Tag Archives: marketing strategy

“Let’s Get Visible”-My Thoughts

Let's Get VisibleI’ve been following David Gaughran’s blog for some time, primarily because he is experienced, straightforward and insightful.

So when his marketing book came out, Let’s Get Visible, I grabbed it.

David’s writing style is crisp and conversational, making this book easy to read and comprehend.

As far as content, the book is packed with useful information and isn’t just re-prints of past blog posts. You’ll also get a good understanding of Amazon’s algorithms along with links to helpful sites/resources. My only gripe is that if you’re not planning on going with Amazon’s KDP, which I’m not, then there are sections that won’t be applicable.

Nevertheless, Let’s Get Visible is a great resource to have as an indie author. In fact, I’m excited to give some of his suggestions a whirl.

What have you tried to promote your books?


Where’s My Antacid??

Performing on Prime Time Country; circa 1995.

Performing on Prime Time Country; circa 1995.

I’m often asked, “Did you get stage fright before a concert or performing on live TV?”

“Nope,” would be my answer.

Sure, I got butterflies and cited my “just-don’t-screw-up” mantra, but all-in-all, I thrived in such settings. Honest.

Now ask me the same question in regards to being in my own videos! I’m proud of how they turned out, and I’m eternally grateful to Matt Giesler who donated his talent, but now I’M the focal point (gulp!)

I can’t hide behind my bass and sunglasses!

So here they are. I wanted them to be short, entertaining and informative.

The Storyteller

Story Behind the Story

Bass, Tours & Castles

Feel free to share, throw tomatoes, snicker, etc.

Now if you’ll excuse me, I’ve gotta go find my antacid!


Harping On Harper Lee

As an author, I’ve gotten good and bad reviews. The later always sting, but it’s part of the biz.

Nevertheless, I was curious if a classic, like To Kill A Mockingbird, had received any negative reviews.

To my amazement, it has quite a few!

I especially loved the reviewer who gave it 2 stars and misspelled Pulitzer Prize, or the teen who said it was boring and “there’s barely any actions.”

So how should writers handle such critique?

One author I know says she NEVER reads reviews of her books.

I may join her!!

 


When Crap is Crème Brûlée

Creme_BruleeWARNING!  I’m going to vent. In fact, you can file this under Marketing Sucks or Twitter Twitter Little Star! or I Like You, Will You Like Me?

I hate selling stuff. I just do. Oh, I’m passionate about my books and I know I’m the best person to sell them, but I’m an artist through and through and prefer being creative over sharing my elevator speech to another soccer mom.

I know I’m not alone in this quandary. Check out SC Harrison’s Blog  for her tongue-in-cheek insights.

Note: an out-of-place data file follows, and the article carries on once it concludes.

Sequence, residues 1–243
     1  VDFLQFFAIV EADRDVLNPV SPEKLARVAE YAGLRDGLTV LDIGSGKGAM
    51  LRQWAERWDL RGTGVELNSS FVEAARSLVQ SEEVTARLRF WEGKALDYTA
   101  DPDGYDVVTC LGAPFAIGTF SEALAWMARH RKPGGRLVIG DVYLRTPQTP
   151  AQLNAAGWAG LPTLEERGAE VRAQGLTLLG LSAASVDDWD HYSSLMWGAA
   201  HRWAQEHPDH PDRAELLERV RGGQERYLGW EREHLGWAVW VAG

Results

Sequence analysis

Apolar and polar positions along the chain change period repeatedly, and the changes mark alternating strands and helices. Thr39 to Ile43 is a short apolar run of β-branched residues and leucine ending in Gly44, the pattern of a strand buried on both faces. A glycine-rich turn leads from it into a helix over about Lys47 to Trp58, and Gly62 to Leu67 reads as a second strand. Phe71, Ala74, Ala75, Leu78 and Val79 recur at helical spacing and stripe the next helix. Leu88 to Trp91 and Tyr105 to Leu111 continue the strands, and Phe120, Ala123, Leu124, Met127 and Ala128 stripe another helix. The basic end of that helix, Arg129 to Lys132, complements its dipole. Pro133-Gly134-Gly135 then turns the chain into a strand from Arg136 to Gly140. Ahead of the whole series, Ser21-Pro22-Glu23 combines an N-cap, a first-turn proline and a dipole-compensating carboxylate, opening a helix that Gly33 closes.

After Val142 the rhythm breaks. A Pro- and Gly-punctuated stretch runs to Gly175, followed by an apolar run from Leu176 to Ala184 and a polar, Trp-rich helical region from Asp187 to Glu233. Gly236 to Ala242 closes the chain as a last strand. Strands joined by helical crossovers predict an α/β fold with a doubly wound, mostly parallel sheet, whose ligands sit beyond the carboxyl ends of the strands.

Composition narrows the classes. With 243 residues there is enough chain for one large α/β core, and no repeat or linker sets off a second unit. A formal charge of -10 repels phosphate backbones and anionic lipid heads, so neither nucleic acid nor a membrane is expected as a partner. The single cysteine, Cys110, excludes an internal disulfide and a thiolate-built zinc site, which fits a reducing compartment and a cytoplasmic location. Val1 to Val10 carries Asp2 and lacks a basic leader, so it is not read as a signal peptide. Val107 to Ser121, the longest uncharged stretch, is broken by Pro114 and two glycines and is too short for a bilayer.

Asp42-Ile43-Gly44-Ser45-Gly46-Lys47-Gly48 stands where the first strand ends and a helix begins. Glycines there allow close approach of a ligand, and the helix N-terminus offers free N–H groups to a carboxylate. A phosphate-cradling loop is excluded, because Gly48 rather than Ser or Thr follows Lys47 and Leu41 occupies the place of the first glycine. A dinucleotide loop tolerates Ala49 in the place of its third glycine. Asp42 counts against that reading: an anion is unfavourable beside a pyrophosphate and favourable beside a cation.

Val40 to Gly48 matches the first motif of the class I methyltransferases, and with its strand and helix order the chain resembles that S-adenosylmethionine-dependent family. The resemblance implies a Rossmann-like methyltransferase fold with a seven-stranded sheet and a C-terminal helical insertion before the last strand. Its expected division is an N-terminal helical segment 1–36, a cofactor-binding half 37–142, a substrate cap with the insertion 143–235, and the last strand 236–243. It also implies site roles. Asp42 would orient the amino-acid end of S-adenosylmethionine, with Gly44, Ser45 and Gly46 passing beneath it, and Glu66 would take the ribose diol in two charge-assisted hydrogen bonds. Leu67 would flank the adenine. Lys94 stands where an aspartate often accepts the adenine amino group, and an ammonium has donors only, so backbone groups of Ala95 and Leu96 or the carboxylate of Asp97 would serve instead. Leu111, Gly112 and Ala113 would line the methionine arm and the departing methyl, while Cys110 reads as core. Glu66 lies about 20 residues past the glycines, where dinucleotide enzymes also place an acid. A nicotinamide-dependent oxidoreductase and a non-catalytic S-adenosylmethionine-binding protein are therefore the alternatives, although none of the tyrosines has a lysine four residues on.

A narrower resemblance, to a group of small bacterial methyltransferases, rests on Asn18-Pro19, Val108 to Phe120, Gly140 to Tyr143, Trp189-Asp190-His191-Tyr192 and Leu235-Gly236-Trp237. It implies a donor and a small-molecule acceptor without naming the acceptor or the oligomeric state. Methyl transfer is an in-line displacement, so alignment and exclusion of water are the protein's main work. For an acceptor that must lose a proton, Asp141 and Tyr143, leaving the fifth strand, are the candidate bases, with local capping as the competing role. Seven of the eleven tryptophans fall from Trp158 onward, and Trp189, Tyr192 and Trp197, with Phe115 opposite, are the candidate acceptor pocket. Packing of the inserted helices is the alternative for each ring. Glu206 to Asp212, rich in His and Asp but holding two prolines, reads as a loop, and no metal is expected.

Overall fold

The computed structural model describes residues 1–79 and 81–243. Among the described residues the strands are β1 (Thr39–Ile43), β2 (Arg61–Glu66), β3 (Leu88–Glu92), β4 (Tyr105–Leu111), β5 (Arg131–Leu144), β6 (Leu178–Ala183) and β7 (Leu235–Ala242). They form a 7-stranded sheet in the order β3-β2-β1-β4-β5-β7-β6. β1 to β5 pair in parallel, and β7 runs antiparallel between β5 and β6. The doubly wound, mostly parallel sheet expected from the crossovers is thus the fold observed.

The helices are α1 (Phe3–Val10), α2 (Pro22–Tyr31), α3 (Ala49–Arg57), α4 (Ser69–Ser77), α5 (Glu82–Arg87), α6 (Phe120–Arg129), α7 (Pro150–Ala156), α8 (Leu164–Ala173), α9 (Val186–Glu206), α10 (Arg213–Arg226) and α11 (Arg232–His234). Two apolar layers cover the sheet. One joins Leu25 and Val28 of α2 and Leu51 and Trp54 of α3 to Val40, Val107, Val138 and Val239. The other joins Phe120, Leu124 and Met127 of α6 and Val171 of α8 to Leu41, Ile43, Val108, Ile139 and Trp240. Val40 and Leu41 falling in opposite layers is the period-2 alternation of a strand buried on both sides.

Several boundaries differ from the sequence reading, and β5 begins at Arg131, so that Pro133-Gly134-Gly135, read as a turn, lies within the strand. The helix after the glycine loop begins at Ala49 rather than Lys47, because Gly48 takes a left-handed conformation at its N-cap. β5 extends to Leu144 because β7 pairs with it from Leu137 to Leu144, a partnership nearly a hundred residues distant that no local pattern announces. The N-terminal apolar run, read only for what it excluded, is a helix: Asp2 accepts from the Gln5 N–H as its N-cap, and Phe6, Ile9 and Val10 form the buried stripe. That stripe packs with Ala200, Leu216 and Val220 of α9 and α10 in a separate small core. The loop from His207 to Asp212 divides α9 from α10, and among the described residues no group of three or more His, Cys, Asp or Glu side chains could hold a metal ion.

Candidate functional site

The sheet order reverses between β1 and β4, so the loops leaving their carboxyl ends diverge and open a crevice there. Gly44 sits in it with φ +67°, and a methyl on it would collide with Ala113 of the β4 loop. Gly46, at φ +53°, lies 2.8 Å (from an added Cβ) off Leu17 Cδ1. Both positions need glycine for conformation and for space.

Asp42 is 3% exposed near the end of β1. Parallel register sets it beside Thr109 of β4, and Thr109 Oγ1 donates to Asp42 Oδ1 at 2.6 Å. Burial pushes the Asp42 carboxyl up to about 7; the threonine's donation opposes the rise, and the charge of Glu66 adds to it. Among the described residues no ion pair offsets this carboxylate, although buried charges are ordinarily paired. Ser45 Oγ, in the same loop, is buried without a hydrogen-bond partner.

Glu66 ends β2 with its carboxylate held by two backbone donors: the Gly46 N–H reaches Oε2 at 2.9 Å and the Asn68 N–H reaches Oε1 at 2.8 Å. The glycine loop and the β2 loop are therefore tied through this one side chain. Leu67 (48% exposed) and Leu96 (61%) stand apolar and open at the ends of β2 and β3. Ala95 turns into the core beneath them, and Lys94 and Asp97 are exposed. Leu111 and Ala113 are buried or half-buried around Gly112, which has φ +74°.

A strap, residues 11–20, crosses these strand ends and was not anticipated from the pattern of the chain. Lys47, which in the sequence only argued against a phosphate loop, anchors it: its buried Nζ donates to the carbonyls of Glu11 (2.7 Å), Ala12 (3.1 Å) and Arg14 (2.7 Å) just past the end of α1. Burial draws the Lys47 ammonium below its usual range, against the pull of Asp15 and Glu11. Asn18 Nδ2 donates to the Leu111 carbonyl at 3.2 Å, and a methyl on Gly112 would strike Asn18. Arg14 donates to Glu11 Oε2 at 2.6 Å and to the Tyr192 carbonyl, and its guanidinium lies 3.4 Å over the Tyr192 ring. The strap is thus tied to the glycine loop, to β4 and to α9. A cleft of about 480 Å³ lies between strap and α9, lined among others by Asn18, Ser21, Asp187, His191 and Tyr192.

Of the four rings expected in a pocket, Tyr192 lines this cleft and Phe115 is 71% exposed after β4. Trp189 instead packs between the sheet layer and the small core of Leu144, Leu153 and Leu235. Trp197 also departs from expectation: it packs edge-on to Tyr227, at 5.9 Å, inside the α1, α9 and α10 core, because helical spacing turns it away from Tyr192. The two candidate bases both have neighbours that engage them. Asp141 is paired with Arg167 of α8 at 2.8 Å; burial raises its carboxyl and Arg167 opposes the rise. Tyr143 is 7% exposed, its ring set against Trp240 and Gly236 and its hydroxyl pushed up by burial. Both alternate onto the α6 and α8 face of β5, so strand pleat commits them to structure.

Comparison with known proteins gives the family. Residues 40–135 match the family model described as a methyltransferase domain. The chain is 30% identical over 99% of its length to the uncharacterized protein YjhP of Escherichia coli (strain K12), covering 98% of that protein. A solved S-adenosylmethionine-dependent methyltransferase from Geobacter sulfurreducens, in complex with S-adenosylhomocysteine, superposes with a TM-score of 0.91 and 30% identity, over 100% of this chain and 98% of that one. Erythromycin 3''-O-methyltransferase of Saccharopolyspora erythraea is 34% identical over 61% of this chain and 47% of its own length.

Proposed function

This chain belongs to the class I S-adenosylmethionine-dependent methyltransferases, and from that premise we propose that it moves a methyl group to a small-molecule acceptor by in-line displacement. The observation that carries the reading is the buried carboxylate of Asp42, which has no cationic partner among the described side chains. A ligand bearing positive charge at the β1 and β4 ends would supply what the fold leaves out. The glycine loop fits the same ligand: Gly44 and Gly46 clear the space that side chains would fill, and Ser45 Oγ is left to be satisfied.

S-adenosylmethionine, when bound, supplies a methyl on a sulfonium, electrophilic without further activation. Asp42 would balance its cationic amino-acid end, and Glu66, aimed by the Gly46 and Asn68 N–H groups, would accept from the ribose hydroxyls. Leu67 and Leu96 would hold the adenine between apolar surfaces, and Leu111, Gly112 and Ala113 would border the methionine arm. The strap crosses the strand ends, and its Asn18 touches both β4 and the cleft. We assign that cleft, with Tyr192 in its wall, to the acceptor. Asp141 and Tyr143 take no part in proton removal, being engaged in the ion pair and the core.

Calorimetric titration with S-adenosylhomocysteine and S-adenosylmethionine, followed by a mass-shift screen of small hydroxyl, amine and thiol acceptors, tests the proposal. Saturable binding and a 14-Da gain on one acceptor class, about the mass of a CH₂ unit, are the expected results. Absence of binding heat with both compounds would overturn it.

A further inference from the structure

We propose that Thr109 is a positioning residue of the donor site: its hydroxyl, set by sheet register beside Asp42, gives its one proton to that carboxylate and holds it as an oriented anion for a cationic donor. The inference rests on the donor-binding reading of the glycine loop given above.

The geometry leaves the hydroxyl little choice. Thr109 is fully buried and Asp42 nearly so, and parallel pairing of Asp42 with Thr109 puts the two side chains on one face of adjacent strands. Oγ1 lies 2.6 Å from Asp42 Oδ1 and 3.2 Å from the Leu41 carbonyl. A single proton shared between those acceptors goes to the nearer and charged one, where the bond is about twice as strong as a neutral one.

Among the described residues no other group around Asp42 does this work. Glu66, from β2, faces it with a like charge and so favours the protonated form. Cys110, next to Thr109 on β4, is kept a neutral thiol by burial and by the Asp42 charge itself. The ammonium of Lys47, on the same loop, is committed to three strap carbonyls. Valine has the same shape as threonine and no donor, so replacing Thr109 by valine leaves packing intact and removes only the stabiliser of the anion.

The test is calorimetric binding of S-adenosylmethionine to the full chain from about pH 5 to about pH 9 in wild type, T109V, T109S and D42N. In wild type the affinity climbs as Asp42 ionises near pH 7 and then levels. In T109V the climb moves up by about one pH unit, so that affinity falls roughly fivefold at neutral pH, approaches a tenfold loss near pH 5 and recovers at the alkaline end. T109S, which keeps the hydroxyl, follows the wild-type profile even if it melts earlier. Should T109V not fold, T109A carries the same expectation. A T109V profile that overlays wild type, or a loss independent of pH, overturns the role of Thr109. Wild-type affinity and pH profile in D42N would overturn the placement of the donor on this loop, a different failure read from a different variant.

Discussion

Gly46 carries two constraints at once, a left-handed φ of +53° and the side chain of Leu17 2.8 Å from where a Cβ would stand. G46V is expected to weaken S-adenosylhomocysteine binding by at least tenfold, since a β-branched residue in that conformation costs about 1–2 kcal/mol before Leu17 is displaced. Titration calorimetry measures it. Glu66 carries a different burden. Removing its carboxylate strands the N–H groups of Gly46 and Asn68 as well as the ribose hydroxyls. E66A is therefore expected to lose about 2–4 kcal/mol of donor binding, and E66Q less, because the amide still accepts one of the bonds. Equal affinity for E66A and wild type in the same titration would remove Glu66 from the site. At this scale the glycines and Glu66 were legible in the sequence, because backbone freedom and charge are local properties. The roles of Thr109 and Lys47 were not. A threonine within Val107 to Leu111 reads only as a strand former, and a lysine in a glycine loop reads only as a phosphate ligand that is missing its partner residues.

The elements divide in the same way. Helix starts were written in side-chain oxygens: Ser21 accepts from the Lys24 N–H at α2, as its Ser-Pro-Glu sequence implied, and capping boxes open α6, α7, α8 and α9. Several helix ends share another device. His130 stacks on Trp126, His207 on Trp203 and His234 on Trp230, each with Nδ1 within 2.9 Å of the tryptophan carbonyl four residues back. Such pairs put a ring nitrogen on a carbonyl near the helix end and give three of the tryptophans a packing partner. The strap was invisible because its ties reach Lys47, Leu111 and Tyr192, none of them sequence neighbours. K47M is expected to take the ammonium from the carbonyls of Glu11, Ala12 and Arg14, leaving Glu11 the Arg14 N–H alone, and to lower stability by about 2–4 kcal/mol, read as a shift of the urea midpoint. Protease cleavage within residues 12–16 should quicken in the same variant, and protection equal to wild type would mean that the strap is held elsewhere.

Before you post witty, pithy comments to try and encourage me to sell or to remind me that it’s a necessary part of the job, let me say that I learned as much when I was a musician here in Nashville. More on that later.

So what has me shaking my fist at the Marketing Monster this morning?

Purchased Reviews!

I befriended a new Twitter author and checked out their book. 4 stars. Impressive. I scrolled through the gushing reviews to learn that many had given the book only 1 star. Curious, I read their comments.

Harsh! One even quipped that they purchased the book based upon the 4 stars but found the book to be poorly written with a weak storyline. They pressed through anyway in hope that it would get better.

It didn’t.

I know not everyone will like our books, but these reviews were polar opposite in comparison to the other comments. My gut tells me this author hired reviewers to get their 4 STARS so they could shoot to the top of Amazon.

As a retired music pro, I know what it’s like to swim with sharks, do business with squirrels and perform with snakes. Back in the day, I competed against musicians who were great at selling themselves and rocketed past me to better gigs. But as time unfolded, and they had to deliver the goods, they showed their true talent.

Amateurish.

As quickly as they were the top dog, they were dropped, forgotten and faded into oblivion. I continued to improve/persevere and found myself with better jobs and notoriety.

What’s my point?

Well, let’s get back to this author I have tied to the whipping post. It doesn’t matter how many blasted stars they have or how many Tweets they send or how AWESOME reviewers say their book about “Amish vampire finds true love with a gypsy-alien” really is (not the real title!) In fact, go ahead and label your crap as crème brûlée! Eventually readers will notice that foul taste is in their mouth and run for the toilet to heave.

But what has me really irked is that readers are the ones being bamboozled by the this shell game of “let’s hide the crap.” That is SO wrong!

As for me, I know I have a LONG way to go as a writer. I’ll continue to hone my craft and let my work (hopefully!) cut through the sword rattling that’s being done in cyber space.

Yes, I’ll continue to pound the pavement and keep my head above water in the social media frenzy, but I won’t succumb to paying for reviews.

EVER!

My readers deserve my best.

So do yours.


Am I A Pantser?

Wanna know if I’m a Pantser or a Plotter?

Curious what sparked my War of Whispers series?

Need a break from Black Friday?

Then check out this blog interview I recently did for Suzanne van Rooyen.

Drop a line. Make a comment.

Looking forward to meeting you!

 


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